Start Making Sense

 

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Kaarin Anderson Ryan, PhD, BCBA. 2.18.20

What makes sense to you?

In a world of constant access to information, it can be difficult to make sense of anything.  What’s true and what’s not true?  Who are the best people to follow?  Which resources can you trust?  While some of what we see out there is obviously reliable, or obviously NOT reliable, there is a mountain of information in the middle that needs to be sorted through and navigated.  It is so easy to get pulled into a world of bad information, and it is hard to know how to make sense of everything we have available.

For example, look up any newsworthy topic.  You will find pages of hits on that topic, and if you read any of the articles, they will likely have additional links to follow.  And it all looks real and legitimate.  But unless you are a news aficionado, you may give the same value to every single article that shows up for that topic, even though the odds are that some of that info is faulty.

All this is part of our lives now, every day.  And we individually figure out how we are going to handle filtering the information.  But for some situations, we need to know how to make sense of what’s there, what to believe and not believe.

Let’s take autism as an example of a topic with lots of information to be found.  If you search it, you will find a number of legitimate sites that describe autism.  You will also find self-help and screening quizzes from all kinds of websites, information about the vaccine-autism connection, with some saying vaccines cause it and others noting that there is no evidence for this, and sites blaming the increase in autism to everything including vaccines, environmental problems, and diet.  Causes for autism are also highlighted using these same ideas, and also including things like not using prenatal vitamins, hormones in food, and genetics.

Even though you can find websites to tell you all kinds of things about what causes autism, the only sound research shows some genetic component, although it is unclear what this might be.

And while autism has had a large increase, it is not an alarming epidemic as some would have you believe.  Many people don’t realize that in the 1990’s the diagnostic criteria for autism changed it for being a very specific set of symptoms to more of a spectrum disorder.  So all of the sudden, thousands of people who would not have been diagnosed as having autism became eligible for that diagnosis.  This itself sparked a surge in diagnoses.

At the same time, the autism awareness movement started to take hold, with new organizations popping up to help raise awareness and provide support for people with autism.  Schools started offering extra accommodations and guarantees of support if a student had an autism diagnosis.  Autism awareness has its own symbol (puzzle ribbon), its own month (April), and an endless stream of events, fundraisers and activities to support autism awareness.  We have also seen an increase of awareness in our entertainment industry:  People with autism are represented in movies and popular TV shows as well as books.  There are podcasts about autism.  There are newsletters just for autism. With greater awareness, more and more parents are taking kids in for screening when they see signs of autism.  Additionally, professionals including pediatricians and teachers are recommending screening for autism when warranted, based largely on the increased awareness that has been build for the past 25 years.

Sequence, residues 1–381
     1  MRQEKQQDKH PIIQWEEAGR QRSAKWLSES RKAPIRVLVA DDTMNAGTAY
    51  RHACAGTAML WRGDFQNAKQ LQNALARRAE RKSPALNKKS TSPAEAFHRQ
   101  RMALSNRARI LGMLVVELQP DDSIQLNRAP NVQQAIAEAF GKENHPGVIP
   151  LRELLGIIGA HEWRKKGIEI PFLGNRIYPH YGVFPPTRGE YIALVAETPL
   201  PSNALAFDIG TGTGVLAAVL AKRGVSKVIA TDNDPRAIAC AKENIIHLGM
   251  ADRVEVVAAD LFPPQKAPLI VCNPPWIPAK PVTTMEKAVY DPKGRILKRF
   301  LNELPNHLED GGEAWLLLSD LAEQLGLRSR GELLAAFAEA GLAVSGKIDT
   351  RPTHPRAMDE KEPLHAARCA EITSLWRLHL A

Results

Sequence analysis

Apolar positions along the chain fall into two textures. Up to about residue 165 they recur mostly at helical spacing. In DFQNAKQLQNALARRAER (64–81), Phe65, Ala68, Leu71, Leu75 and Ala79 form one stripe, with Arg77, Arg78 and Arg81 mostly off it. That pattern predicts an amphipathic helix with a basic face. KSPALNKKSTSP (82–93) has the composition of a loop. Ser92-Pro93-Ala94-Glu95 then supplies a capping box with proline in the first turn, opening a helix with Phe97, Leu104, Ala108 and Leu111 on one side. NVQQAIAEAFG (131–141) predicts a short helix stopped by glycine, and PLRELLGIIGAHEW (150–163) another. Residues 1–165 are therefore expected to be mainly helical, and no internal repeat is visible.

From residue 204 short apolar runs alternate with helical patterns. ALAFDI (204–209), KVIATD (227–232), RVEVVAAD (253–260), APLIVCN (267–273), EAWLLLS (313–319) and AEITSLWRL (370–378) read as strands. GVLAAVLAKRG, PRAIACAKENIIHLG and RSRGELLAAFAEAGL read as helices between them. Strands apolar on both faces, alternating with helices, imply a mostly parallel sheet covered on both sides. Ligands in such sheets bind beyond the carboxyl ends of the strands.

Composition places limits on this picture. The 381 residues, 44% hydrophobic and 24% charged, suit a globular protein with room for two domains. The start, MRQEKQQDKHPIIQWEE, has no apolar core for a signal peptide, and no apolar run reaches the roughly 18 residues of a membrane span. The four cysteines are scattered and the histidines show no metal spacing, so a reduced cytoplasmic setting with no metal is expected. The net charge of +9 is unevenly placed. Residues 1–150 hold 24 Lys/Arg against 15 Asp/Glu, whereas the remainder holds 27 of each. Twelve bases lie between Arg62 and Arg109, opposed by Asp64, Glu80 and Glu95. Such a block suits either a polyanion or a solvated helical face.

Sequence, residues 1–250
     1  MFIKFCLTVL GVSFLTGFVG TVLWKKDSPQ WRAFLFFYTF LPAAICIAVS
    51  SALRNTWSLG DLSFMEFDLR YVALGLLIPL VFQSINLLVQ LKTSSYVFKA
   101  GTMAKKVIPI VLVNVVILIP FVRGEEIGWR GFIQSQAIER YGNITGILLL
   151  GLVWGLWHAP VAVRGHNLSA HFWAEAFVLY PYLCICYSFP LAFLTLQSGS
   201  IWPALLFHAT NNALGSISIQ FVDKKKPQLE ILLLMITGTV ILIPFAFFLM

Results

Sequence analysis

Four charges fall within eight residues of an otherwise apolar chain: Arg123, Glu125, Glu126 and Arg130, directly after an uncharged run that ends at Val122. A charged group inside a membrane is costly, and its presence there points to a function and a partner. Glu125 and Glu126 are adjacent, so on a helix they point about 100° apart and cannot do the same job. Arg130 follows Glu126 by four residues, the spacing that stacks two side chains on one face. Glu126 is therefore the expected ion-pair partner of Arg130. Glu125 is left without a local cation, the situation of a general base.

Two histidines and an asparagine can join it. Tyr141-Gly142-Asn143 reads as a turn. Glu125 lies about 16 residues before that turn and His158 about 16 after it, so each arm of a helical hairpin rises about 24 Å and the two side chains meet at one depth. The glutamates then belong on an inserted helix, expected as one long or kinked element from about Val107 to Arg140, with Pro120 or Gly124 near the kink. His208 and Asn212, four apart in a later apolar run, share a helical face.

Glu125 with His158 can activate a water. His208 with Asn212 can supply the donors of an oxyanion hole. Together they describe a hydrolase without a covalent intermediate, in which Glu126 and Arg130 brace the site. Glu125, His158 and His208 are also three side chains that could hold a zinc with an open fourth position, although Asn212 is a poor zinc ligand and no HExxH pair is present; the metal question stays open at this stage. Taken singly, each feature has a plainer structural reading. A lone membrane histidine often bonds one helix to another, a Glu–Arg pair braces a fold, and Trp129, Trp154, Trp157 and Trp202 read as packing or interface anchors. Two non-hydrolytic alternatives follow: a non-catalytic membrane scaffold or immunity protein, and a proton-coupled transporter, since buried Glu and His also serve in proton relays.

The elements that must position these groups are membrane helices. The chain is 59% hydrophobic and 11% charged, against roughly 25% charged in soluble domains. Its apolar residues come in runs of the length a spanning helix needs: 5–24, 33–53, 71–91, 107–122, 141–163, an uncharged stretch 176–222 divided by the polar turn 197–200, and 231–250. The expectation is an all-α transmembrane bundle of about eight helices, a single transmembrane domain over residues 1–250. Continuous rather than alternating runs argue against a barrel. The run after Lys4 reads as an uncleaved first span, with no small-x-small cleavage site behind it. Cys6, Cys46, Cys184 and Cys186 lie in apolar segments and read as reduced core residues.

(PS, now that we have the awareness well-covered, the next challenge a lot of people see is autism acceptance, but that is a post for another day).

Now that I have made some points about common misperceptions about the causes for autism and its recent increase, let’s try to make some sense of what to do if you or someone you love has autism.

Become informed of what’s available in your area.  There are excellent Applied Behavior Analysis (ABA) service providers in many of our communities in the United States.  Since early intervention is vital to help children with autism overcome some communication and behavioral challenges, this is a good first step.

Learn about local and state laws regarding insurance coverage for autism services.  Many states have laws in place to ensure coverage for ABA services.

Learn about local and state laws for education.  Education systems provide certain accommodations and supports specifically to help students on the autism spectrum.

Learn about local and state laws for providing support to adults with autism and other needs, as well as finding out what organizations provide support for adults.

Meet with professionals who understand autism to get guidance, support, and professional services (speech, occupational therapy, behavior therapy, etc.).

Become involved in local support groups and advocacy groups for autism.  Parents who have been through the process are some of the best people to talk to about doing what’s possible  for your child.

Finally, find strength through optimism.  With so much awareness, therapy, and ongoing support, autism does not have to be viewed as a dark path of confusion.  Instead, focus on what’s there to help light the path, see the sense, and accept the support.